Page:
Changes in values signal needed business discussion

By April Hall

In Georgia, Howard Hsu decided to start selling barbecue and burritos instead of Chinese food, as his parents had. In England, Jay Wilde, the sole inheritor of his family’s cattle farm, is a vegetarian. This year he is sending most of the cattle to a sanctuary and transitioning into vegetable farming.

Pivoting the family business can take the form of a small move or a huge shift, but it’s quite common, says Dennis Jaffe, a family business consultant.

“This is an issue that crops up over and over again,” Jaffe says. “I’m working with a number of families going through this.”

By the time a business gets to the third or fourth generation, he says, family values can change -- or the NextGens may simply be more interested in a different industry.

Obviously, if there is a sole inheritor in the family business, that person is free to make whatever decision he or she wants in running the company. However, with a larger pool of shareholders, there must be a dialogue.

“When the next generation inherits, it’s important to revisit values and the way in which the family operates,” Jaffe says. “You can have different ethics [from the previous generation], but what happens if there are a bunch of family members who are depending on the income of the current business?”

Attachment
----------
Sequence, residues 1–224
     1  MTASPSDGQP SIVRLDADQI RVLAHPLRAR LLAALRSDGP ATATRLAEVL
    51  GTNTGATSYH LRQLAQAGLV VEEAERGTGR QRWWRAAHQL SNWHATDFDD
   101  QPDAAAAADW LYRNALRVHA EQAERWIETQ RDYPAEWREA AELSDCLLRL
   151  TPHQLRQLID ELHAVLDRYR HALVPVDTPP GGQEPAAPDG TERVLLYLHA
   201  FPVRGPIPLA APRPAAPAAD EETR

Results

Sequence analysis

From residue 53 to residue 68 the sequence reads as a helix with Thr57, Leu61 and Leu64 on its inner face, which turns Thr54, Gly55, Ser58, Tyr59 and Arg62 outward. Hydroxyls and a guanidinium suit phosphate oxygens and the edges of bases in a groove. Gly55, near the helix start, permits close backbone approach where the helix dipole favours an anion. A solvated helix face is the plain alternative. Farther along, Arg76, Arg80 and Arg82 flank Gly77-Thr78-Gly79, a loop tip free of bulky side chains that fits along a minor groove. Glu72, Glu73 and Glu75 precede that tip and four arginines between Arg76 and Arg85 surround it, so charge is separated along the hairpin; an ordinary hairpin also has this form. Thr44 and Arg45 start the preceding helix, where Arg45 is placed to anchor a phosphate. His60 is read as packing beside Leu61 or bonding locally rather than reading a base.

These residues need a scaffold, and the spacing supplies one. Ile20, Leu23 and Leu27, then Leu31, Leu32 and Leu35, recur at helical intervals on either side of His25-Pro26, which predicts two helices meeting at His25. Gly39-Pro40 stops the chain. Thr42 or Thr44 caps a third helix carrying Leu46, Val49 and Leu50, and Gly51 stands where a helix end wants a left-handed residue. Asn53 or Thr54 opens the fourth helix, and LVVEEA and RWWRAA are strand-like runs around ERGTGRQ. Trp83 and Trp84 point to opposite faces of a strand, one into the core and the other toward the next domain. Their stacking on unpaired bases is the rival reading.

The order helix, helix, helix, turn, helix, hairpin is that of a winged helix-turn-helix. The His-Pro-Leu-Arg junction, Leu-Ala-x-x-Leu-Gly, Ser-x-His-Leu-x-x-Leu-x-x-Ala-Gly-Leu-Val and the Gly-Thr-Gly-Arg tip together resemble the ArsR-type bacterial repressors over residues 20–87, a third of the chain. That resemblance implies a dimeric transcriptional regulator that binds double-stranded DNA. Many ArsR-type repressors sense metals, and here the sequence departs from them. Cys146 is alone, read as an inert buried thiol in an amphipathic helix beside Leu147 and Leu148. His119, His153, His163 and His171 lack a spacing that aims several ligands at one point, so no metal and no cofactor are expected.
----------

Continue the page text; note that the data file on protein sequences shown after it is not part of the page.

In such cases, “First, you have to define who has what rights,” Jaffe says. For example, he says, the most vociferous family members may not be entitled to a vote because they don’t own shares in the company.

He says family members who want to voice concerns or propose a new direction for the business must understand that if they don’t have a vote, the decision makers can overrule them. But if they communicate well and make a strong case, they could convince the majority owners to incorporate their recommendations.

As for the decision makers, Jaffe notes that they should consider the alignment of the business with the needs, goals and interests of the family as a whole. They also must determine whether the proposals are viable in the marketplace.

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